- Loss of wages, including the impact of the accident on the future capacity to earn
- Loss of consortium
- Emotional, trauma, such as post-traumatic stress disorder
- Damage to your motorbike as well as any other personal property
- Pain and suffering
- Wrongful death, which has its own associated set of processes and damages
Based on this, you may also be entitled to punitive damages in cases that involve extreme recklessness or negligence shown by another party.
Can I still Recover Damages if I was Involved in a Single-Vehicle Accident?
It may not be the driver’s fault, even accidents involving a single vehicle. Road hazards, like potholes, are particularly dangerous for motorcycle riders. This means that your wreck could have occurred due to road defects rather than an error on your part.
The Alabama Department of Transportation is responsible for this damage and should correct the damage before anyone suffers injuries. Therefore, they could be held accountable in court if someone was injured due to the damage not being fixed.
However, it is vital to remember that filing a case against Alabama government agencies is not easy. It is best to consult an experienced lawyer to make sure that you are taking the required precautions as well as understand what will be necessary to file a claim against the government.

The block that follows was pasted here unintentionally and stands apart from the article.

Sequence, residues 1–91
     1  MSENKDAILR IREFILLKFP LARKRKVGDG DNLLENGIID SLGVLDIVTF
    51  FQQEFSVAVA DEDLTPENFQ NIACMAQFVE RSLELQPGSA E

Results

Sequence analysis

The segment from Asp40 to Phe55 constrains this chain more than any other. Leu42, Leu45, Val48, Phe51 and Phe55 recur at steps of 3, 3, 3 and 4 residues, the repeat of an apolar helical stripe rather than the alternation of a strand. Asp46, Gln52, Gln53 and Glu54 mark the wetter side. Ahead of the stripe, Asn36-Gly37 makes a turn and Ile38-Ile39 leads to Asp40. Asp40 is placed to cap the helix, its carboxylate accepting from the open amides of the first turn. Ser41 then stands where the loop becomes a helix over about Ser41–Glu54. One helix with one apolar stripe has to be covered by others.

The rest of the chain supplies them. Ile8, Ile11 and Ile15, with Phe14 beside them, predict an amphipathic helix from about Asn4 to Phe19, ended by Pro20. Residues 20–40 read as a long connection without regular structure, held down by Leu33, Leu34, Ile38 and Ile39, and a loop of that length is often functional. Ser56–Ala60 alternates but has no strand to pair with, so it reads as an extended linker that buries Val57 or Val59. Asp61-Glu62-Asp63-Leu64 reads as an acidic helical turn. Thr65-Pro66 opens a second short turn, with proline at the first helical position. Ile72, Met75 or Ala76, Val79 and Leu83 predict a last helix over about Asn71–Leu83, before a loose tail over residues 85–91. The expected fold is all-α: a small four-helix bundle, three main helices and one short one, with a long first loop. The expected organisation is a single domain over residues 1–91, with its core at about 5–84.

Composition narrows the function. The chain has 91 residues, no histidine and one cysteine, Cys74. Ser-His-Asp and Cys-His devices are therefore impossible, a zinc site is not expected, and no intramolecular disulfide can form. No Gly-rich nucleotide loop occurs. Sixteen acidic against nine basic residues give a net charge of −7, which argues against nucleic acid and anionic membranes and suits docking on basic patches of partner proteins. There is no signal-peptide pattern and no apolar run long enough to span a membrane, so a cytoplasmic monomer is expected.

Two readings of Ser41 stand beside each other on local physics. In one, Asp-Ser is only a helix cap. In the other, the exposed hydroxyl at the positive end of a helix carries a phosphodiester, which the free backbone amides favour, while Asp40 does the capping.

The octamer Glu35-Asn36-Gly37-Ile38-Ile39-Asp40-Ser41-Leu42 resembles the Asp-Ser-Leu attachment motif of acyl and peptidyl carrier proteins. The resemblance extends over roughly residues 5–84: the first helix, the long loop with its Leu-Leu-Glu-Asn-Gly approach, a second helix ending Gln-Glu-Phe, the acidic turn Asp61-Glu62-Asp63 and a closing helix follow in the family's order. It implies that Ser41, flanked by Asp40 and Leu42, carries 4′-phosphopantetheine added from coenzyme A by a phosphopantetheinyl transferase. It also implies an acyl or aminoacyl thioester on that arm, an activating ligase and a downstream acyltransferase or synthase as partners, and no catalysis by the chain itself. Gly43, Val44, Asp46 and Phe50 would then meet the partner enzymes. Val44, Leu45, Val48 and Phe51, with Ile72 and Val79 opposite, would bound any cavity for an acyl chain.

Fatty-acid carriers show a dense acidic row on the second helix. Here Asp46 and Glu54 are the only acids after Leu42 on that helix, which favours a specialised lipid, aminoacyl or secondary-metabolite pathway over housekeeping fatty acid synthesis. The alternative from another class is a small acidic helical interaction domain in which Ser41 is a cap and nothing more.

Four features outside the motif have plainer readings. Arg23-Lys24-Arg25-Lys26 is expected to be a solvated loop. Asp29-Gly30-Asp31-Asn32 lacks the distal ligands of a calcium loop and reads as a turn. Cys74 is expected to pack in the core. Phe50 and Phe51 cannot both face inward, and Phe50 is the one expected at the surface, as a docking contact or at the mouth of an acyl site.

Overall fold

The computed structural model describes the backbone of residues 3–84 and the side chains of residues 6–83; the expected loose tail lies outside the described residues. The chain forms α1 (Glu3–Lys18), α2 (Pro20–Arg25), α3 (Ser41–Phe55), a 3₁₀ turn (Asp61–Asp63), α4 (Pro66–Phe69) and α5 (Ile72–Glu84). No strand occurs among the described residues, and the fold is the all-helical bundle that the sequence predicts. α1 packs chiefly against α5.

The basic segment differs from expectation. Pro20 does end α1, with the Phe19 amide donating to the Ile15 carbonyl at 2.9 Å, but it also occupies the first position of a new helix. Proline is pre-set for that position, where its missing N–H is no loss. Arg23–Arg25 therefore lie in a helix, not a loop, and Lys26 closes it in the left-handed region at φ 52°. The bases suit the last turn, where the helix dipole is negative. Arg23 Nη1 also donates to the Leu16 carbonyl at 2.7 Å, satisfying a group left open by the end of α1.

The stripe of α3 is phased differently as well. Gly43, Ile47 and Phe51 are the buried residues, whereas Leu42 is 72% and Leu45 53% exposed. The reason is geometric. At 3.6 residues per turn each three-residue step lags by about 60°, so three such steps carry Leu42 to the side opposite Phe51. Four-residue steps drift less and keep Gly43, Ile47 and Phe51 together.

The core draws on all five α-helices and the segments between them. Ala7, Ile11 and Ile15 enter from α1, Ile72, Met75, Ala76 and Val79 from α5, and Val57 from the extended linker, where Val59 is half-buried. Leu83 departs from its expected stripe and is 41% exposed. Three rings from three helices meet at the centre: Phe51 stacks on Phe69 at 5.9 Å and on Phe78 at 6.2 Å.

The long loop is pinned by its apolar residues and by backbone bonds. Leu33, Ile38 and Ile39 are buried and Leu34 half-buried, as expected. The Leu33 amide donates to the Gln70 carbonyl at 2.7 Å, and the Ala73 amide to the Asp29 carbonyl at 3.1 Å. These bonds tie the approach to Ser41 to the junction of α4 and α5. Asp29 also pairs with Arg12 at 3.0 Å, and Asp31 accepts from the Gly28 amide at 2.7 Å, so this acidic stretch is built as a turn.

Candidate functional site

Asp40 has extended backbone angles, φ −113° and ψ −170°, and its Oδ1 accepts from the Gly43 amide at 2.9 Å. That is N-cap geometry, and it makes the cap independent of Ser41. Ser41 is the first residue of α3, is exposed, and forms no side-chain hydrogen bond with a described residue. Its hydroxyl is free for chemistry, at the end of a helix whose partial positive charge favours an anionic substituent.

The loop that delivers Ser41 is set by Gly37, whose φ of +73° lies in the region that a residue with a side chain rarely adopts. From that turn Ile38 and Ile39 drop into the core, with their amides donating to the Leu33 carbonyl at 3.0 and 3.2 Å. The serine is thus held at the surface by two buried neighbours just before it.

Statute of Limitations for Filing Your Claim
The statute of limitations for motorcycle accidents in Alabama is two years. Therefore, you have precisely two years to file for compensation from the date of your motorcycle accident.
You will be unable to recover compensatory damages if you do not file a claim within this period. An experienced attorney can help expedite the filing process.
Legal Assistance by a Seasoned Motorcycle Accident Attorney in Alabama
In motorcycle accident personal injury cases, the process of recovering damages is rarely straightforward. A dedicated Alabama motorcycle crash lawyer at Burge & Burge can guide you through this complex judicial process.
We will start with a free consultation and guide you on what to expect and how we can help recover the compensation that you deserve. If you or a loved one has been in a motorcycle crash, call 205-251-9000 for a no-charge case review by a seasoned personal injury lawyer.